Loma Vista Recordings
Release: 4 February 2022
Love them or hate them, there’s no denying the impact Korn have had on the music world at large.
They redefined an entire genre of metal with their first two albums – Korn and Life Is Peachy – and over subsequent releases have refused to be tied down to the traditional sound known and loved by fans the world over, instead literally beating to the tune of their own drum.
With each album announcement comes the plea of legions of fans around the world for Korn to go back more to their core sound from the earlier albums, but each time the band has defiantly snubbed their noses at the cries of anguish and continued down the path they choose at that particular time.
On their most recent album, The Nothing, Korn showed glimpses of their old school mentality, enough so to hint at a possible trip back down memory lane on the upcoming Requiem, which is out on February 4.
From the swirling guitar and bass intro of album opener Forgotten, it seems that Korn have done just that.
The intensity and musical mayhem that punctuated Korn’s early records is there from the outset, with vocalist Jonathan Davis roaring into life and the cycle – for now – is complete.
Forgotten has all of the trademark Kornisms. Breakdowns, angst, sorrow, aggression and pain and fuck me isn’t it great to hear it again! The breakdown halfway through is enough to send shivers of anticipation down your spine for the next track, Let The Dark Do The Rest.
Starting with an eerily creepy assortment of sounds, Let The Dark Do The Rest soon spits into life, down tuned guitars once more ruling the playing field.
Davis soothes into the opening lines, his voice dripping with resentment and self loathing. The harsh vocals telling us “you make me sick” a welcome indictment because, if Davis is pissed off at you, then Korn is pissed off at you. By the time he screams those same words at you to end the song it is almost an accusation rather than a question and if this is what Korn sounds like when you’ve made them sick then take their booster shots off them now!
Start The Healing is up next, the sonic intensity building before Davis asks “Do you really wanna come with me” and the answer is an emphatic YES.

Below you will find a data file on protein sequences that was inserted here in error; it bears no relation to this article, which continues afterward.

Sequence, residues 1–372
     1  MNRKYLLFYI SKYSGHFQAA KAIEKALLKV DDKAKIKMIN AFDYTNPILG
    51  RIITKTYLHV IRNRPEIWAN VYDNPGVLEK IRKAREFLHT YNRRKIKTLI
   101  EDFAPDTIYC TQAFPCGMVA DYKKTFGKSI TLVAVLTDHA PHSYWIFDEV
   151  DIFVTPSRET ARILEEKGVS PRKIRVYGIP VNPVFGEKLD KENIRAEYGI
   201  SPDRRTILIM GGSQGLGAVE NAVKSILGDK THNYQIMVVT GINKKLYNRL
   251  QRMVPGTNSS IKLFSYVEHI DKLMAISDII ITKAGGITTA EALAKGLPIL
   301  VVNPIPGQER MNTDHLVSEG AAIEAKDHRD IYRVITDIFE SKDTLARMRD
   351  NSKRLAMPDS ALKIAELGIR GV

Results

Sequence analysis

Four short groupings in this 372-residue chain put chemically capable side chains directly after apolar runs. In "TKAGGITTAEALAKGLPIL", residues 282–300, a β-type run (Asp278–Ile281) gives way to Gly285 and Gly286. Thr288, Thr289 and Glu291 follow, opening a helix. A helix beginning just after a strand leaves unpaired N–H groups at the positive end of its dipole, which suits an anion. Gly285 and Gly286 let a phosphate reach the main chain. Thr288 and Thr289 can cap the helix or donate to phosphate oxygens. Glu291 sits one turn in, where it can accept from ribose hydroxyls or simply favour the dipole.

Korn are still pushing the musical boundaries so far on Requiem, but they are doing so while reflecting on their past, which is a great combination.
Start The Healing is a stuttering, sporadic tune that highlights the cleans of Davis without impacting the extremities of the music. Each breakdown is accentuated by a vocal delivery that become more anguished as the song progresses to its fiery conclusion.
Lost in the Grandeur starts with a bit of guitar scratching and some heavy tunings that repel each other in an unseen dual that shows Korn are back to their experimental best and, more importantly, loving it.
Davis seems to be admonishing himself in this track, questioning his own beliefs and nature, while the band continue to belittle his questions around him. The vocal breakdown around the two-minute mark while Fieldy twangs his bass lovingly leads into a period of discontent, with Davis becoming more aggressive with his appraisal and the guitars seemingly questioning his every thought.
Disconnect thunders to life with Munky and Head facing off in a guitar duel that soon gives way to a swirling maelstrom of activity that centres around another soft vocal delivery from Korn’s tortured frontman.
Although featuring more than its fair share of tempo and timing changes punctuated by slow and deliberate guitar riffs, Disconnect is definitely the slowest burner so far on Requiem, but saves itself from mediocrity due to the eclectic and unexpected musical interludes that define Korn’s sound.
Hopeless And Beaten is all guitars and chugginess as it tempers into a softly spoken Davis that invokes memories of the band’s early inner turmoil that defined their sound.
There is enough conflicting emotion in this song to draw you into Davis’ inner consciousness as it takes you on a rollercoaster of feelings that is swept along and nurtured by an unseen nemesis.
Most of Korn’s songs have always centred around feelings of loss, separation, self loathing, hatred and contempt and the fact that 14 albums in Davis still manages to engage you with his troubles is testament to the honesty in his lyrics.
Penance To Sorrow bounces to action, a momentary pause in proceedings to allow Davis to introduce another tale of woe the precursor to another step in both directions musically. On previous albums the divide between the musical direction wanted by Davis as opposed to the other four members has been obvious and noticeable, but on Requiem it seems they are finally on the same page, which is evident in the quality of the songs.
My Confession has that beautiful familiar feel to it, Munky and Head feeding off Fieldy’s indecision and laying the platform for adventure through Korn’s entire back catalogue, taking the best pieces from the band’s DNA and splicing them together to encapsulate the past, present and future of a band who will go down in heavy metal history.
Worst Is On Its Way threatens a dull conclusion to Requiem, but as the musical pieces evolve into a swirling energy of down tuned chaos and musical disparity, it becomes obvious the song title means nothing in the way of the actual song.
The down tuned intensity of the guitars combined with sporadic solos and unbalanced notes are early standouts, but when Davis starts his customary vocal rap rumblings you feel as though Korn have saved the best for last, and, possibly, an early insight into the next phase of their musical journey.
Requiem is one of the best albums Korn has released since forever and should finally appease old school fans who loath change.
It is a step backwards sonically, but also a reflection of just how far Korn have come.
As only Korn could.
Pre-order Requiem here